WASHINGTON — In many ways, Mikhail S. Gorbachev's arrival at Andrews Air Force Base, Md., on Monday was reminiscent of the first time a Soviet leader set foot on U.S. soil nearly three decades ago. That visit, by Nikita S. Khrushchev on a gray Sept. 15, 1959, enabled the American public to witness the ways of Soviet officialdom for the first time.
Gorbachev appeared considerably more fashionable than his medal-bedecked predecessor, but he was hardly the exuberant Western-type of politician that U.S. citizens are accustomed to, particularly in the midst of a presidential election campaign.
Displaying a sharp Soviet contrast to American political style, Gorbachev gave only one cursory wave toward a battalion of cameras and reporters and wore his gray fedora throughout the entire delivery of his formal greeting statement.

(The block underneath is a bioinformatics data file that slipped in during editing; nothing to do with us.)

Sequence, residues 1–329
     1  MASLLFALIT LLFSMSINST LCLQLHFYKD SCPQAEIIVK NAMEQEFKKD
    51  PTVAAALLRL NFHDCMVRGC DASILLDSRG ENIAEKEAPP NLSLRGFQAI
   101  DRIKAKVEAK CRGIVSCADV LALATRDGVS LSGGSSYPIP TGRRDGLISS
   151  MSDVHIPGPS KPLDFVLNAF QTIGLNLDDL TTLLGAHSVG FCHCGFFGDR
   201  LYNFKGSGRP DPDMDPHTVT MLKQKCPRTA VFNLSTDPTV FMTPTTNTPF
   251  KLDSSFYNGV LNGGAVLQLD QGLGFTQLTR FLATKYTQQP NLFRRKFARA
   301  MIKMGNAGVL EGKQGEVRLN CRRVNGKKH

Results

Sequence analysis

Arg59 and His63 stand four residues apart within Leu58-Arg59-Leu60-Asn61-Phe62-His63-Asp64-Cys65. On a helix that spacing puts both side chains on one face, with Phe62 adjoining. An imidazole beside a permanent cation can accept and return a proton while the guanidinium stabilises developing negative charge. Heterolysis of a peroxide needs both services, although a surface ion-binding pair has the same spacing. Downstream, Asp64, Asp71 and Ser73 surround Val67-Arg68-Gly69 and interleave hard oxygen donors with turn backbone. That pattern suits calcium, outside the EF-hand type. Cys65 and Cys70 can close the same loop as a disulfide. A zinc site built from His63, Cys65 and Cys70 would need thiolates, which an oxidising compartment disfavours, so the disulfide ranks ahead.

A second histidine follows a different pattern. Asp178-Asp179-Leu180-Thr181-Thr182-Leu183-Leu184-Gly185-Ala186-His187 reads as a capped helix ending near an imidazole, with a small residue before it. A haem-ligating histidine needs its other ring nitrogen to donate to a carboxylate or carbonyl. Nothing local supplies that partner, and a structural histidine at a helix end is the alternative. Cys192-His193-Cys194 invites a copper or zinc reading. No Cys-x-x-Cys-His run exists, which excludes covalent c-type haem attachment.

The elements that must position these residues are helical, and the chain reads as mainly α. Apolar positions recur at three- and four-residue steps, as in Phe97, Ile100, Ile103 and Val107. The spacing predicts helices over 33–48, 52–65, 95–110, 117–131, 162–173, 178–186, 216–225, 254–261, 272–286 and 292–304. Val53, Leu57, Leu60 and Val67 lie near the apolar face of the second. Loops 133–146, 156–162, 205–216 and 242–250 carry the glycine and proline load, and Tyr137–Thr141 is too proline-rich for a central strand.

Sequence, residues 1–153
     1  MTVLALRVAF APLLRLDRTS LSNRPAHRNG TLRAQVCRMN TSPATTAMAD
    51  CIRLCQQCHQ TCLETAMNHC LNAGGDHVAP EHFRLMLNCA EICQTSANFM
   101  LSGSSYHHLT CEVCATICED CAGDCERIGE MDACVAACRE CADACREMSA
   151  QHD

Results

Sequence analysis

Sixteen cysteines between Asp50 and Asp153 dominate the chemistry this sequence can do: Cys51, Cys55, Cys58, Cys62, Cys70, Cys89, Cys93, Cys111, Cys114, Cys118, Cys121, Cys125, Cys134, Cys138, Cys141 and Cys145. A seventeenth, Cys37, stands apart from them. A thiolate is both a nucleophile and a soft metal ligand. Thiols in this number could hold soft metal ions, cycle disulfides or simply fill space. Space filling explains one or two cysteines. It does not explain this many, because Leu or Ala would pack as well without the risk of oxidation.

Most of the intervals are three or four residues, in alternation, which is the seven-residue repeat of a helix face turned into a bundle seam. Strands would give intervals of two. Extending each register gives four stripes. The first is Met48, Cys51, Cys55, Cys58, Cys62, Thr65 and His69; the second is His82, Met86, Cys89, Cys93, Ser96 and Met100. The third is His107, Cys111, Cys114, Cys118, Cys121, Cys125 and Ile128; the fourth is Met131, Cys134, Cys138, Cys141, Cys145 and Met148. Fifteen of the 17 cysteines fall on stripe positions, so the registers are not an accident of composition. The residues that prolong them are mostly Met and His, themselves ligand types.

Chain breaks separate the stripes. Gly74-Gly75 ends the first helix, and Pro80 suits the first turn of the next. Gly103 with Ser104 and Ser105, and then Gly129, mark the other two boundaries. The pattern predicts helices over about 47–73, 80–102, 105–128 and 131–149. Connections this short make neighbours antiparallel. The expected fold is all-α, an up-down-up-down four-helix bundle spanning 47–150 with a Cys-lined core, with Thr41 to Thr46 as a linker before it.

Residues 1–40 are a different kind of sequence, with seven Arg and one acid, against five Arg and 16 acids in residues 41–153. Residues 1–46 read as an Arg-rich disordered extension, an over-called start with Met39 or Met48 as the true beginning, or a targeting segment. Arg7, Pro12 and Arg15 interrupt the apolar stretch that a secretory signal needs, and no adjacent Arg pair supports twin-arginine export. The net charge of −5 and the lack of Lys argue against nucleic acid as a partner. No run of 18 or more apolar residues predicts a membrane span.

Also, a silence pervaded both this ceremony, as it did Khrushchev's, though perhaps for different reasons. In 1957, church and political leaders called on Americans to receive Khrushchev in silence, and the exhortation was widely followed. Although the public was admitted to Andrews for Khrushchev's arrival and the welcome by President Dwight D. Eisenhower, the ceremony's only sound was the military band that played the national anthems.